US Secretary of State Mike Pompeo has said the United States does not seek a war with Iran, amid growing tensions between the two countries.
Speaking in Russia, Mr Pompeo vowed to keep pressuring Iran to behave like a “normal country”.
Tensions have escalated after four tankers were damaged off the United Arab Emirates on Sunday.
US investigators believe Iran or groups it supports were involved but no evidence of Iran’s role has emerged.
Mr Pompeo, who held talks with Russia’s Foreign Minister Sergei Lavrov in the Russian city of Sochi, said the US “fundamentally” did not seek a conflict with Iran.
“We have also made clear to the Iranians that if American interests are attacked, we will most certainly respond in an appropriate fashion.”
Among other issues discussed:
Few details have been released about the incident, which is said to have taken place early on Sunday within UAE territorial waters in the Gulf of Oman, east of the emirate of Fujairah.
Four commercial ships had been targeted in a “sabotage attack” near Fujairah port, just outside the Strait of Hormuz, the UAE foreign ministry said.
There were no casualties but Saudi Arabia said two of its ships had suffered “significant damage”. Another tanker was Norwegian-registered while the fourth was reportedly UAE-flagged.
US military investigators discovered large holes in all of the ships and believe they were caused by explosive charges, the Associated Press reported quoting an unnamed official. They did not explain how the damage was linked to Iran.
Compared with previous attacks on shipping in the Middle East – the USS Cole in 2000, the Limburg tanker in 2002 and more recent attacks off Yemen – the damage done to four tankers off the UAE coast on Sunday is minimal.
There has been no oil spillage, no flames and no casualties. But the timing is both suspicious and dangerous.
Whoever carried out this attack could hardly have been unaware of the rising tensions in the Gulf, with the US dispatching additional forces to the region. It would appear that the anonymous culprit was deliberately trying to ratchet up that tension, possibly provoking a conflict.
While Saudi Arabia and the UAE have stopped short of blaming their adversary, Iran, US officials have reportedly said that is where their suspicions lie. But Iran has condemned the attack as “dreadful” and a parliamentary spokesman said Iranian suspicions fell on Israel.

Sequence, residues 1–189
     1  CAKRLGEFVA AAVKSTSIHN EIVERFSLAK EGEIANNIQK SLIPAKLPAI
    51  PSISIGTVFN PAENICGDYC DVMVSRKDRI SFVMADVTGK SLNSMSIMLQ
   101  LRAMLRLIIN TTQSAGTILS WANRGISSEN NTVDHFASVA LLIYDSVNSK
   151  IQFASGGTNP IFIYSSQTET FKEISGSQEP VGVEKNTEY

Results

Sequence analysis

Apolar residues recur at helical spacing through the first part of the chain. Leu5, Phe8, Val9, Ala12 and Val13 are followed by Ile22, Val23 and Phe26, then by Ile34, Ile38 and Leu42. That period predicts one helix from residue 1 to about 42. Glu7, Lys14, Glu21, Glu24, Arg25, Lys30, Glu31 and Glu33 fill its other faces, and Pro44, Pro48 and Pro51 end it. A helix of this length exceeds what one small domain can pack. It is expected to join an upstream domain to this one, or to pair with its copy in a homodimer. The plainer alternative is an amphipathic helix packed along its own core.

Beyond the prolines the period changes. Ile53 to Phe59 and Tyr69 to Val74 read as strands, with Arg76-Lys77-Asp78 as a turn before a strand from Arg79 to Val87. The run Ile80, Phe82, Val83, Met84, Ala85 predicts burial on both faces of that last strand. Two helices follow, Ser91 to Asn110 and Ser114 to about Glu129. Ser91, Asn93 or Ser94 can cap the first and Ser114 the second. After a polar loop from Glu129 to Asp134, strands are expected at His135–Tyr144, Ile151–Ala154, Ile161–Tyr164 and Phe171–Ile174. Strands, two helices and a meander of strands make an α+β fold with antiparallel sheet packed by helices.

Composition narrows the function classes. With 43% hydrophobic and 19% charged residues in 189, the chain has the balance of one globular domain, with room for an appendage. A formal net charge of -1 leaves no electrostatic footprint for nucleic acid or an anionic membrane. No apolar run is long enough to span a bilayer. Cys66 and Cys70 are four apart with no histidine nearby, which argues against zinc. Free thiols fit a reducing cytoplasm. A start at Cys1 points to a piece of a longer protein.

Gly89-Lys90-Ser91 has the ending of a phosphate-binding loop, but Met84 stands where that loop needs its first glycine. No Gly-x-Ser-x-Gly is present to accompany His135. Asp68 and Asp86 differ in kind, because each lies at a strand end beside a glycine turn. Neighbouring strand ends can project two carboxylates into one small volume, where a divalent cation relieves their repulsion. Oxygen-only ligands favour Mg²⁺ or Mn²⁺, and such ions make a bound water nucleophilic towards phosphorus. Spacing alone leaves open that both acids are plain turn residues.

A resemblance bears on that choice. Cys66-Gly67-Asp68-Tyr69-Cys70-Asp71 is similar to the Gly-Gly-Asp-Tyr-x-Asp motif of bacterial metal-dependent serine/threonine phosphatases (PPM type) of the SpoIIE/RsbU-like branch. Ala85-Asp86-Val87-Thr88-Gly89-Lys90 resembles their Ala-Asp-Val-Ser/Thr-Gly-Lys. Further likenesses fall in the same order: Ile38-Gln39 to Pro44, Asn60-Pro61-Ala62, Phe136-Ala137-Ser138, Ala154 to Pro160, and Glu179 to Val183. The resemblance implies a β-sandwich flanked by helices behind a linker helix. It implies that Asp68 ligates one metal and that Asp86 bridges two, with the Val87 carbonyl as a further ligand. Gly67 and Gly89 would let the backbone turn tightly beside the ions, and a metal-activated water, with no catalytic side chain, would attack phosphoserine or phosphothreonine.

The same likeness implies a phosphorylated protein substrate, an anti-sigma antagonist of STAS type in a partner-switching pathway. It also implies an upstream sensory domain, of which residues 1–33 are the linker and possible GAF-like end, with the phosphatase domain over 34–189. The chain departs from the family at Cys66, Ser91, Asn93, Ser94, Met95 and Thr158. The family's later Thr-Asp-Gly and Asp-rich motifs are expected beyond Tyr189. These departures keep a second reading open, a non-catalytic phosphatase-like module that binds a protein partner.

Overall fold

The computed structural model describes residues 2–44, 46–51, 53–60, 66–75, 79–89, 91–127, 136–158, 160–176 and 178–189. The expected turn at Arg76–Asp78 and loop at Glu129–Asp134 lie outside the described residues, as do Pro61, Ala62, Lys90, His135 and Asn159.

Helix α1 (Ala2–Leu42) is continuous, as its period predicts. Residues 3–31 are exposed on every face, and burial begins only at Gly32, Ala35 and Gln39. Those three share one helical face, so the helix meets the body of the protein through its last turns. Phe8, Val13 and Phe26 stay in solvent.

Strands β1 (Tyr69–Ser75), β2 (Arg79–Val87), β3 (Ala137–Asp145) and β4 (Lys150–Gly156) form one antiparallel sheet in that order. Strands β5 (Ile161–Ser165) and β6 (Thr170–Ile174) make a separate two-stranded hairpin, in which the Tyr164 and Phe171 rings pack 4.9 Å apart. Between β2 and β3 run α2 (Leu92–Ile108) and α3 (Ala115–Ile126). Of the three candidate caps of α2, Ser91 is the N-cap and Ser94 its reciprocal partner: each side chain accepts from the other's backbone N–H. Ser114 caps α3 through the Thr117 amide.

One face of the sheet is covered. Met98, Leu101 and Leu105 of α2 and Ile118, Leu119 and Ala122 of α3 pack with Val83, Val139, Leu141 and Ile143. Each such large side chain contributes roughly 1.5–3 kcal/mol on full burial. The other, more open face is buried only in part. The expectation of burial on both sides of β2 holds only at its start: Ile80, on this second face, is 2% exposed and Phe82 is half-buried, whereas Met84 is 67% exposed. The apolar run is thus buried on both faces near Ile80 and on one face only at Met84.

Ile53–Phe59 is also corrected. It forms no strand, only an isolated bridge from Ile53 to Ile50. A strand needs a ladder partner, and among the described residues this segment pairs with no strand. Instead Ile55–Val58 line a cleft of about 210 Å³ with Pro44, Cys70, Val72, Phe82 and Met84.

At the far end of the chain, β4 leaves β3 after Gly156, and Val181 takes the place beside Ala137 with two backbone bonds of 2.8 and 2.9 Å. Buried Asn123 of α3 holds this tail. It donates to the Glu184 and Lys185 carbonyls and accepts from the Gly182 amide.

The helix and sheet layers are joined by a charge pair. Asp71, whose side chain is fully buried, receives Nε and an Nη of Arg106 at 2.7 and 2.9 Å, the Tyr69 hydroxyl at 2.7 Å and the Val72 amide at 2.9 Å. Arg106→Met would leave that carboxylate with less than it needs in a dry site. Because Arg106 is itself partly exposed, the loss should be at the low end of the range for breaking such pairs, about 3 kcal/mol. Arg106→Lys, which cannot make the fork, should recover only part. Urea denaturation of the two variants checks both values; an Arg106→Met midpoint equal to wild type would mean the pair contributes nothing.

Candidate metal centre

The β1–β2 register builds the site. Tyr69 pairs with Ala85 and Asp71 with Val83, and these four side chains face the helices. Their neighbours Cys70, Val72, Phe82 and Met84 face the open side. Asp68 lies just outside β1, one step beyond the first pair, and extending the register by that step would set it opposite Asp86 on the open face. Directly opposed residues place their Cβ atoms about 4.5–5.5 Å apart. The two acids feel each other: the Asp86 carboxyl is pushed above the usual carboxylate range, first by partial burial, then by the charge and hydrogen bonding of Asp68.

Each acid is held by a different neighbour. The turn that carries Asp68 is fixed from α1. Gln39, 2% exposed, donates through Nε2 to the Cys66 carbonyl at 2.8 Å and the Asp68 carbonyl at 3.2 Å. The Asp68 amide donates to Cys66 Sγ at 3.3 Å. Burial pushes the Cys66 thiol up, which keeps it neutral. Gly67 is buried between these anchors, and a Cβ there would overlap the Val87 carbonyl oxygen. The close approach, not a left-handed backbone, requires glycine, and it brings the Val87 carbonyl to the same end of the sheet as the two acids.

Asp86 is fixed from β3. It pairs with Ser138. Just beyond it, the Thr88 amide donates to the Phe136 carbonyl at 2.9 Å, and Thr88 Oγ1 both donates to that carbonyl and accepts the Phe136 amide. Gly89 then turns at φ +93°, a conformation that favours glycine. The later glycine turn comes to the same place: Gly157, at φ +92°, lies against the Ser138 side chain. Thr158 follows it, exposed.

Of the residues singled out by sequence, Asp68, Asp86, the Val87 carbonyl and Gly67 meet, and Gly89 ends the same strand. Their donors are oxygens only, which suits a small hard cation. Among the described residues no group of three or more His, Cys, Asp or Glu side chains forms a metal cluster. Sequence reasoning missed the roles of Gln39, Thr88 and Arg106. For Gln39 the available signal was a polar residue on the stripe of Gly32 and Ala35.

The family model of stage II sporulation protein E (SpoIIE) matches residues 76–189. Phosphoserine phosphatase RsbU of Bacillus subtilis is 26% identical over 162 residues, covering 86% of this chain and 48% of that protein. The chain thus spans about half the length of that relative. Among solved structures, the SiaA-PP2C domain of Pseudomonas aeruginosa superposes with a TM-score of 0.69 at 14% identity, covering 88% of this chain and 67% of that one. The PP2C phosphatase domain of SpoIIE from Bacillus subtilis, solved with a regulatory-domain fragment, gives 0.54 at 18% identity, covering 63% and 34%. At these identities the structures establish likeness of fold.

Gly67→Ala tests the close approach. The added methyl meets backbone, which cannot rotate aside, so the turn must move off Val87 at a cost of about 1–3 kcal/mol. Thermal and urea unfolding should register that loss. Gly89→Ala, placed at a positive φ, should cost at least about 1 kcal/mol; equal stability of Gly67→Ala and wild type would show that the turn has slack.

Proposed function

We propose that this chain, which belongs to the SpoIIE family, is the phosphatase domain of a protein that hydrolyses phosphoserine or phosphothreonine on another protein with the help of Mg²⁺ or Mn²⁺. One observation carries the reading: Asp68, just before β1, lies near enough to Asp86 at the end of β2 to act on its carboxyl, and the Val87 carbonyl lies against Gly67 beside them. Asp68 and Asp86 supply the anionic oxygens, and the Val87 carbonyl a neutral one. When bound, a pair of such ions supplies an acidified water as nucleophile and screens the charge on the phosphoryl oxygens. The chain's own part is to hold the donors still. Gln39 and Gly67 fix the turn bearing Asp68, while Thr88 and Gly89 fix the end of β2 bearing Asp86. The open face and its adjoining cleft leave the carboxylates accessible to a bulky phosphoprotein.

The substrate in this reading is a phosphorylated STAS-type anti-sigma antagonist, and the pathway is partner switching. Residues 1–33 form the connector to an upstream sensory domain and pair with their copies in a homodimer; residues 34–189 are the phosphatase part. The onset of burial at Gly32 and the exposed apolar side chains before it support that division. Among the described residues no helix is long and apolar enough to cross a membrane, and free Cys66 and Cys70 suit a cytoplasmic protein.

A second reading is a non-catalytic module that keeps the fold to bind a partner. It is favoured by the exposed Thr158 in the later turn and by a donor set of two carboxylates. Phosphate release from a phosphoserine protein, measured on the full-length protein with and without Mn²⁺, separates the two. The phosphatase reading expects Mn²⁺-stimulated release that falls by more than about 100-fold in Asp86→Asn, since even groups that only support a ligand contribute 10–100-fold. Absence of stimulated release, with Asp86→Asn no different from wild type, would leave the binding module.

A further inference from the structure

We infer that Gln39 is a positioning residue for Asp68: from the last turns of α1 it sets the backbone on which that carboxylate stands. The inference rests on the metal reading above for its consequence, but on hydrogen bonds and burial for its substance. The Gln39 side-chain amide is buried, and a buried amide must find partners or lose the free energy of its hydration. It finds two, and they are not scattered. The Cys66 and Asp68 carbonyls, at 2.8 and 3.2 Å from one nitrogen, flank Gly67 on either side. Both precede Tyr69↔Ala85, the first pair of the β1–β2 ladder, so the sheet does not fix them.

Iran, which denies any involvement in the incident in the Gulf, has called for a full investigation, describing the incident as “worrisome”.
“God willing we will pass this difficult period with glory and our heads held high, and defeat the enemy,” Iranian President Hassan Rouhani told a meeting with clerics on Monday, saying the country was “too great to be intimidated by anyone”.
On Tuesday, US President Donald Trump dismissed a New York Times report suggesting the military had plans to send up to 120,000 troops to the Middle East should Iran attack US forces there or accelerate work on nuclear weapons.
“We have not planned for that. Hopefully we’re not going to have to plan for that. And if we did that, we’d send a hell of a lot more troops than that,” Mr Trump said a day after warning Iran that it would “suffer greatly” if it did anything.
The US has previously warned that “Iran or its proxies” could be targeting maritime traffic in the region and, in recent days, deployed warships to counter “clear indications” of threats from the country.
Iran dismissed the allegation as nonsense.
Earlier, Iranian-backed Houthi rebels in Yemen said they had carried out drone attacks on a major Saudi oil pipeline. Saudi Arabia’s energy minister described the incident as an act of terrorism.